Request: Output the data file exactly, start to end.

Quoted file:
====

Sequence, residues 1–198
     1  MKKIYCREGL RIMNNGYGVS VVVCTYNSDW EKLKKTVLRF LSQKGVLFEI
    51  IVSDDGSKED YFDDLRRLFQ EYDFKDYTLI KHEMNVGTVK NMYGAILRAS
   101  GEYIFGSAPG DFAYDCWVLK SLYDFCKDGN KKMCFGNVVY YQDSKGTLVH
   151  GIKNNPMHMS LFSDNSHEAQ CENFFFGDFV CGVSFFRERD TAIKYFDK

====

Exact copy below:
Sequence, residues 1–198
     1  MKKIYCREGL RIMNNGYGVS VVVCTYNSDW EKLKKTVLRF LSQKGVLFEI
    51  IVSDDGSKED YFDDLRRLFQ EYDFKDYTLI KHEMNVGTVK NMYGAILRAS
   101  GEYIFGSAPG DFAYDCWVLK SLYDFCKDGN KKMCFGNVVY YQDSKGTLVH
   151  GIKNNPMHMS LFSDNSHEAQ CENFFFGDFV CGVSFFRERD TAIKYFDK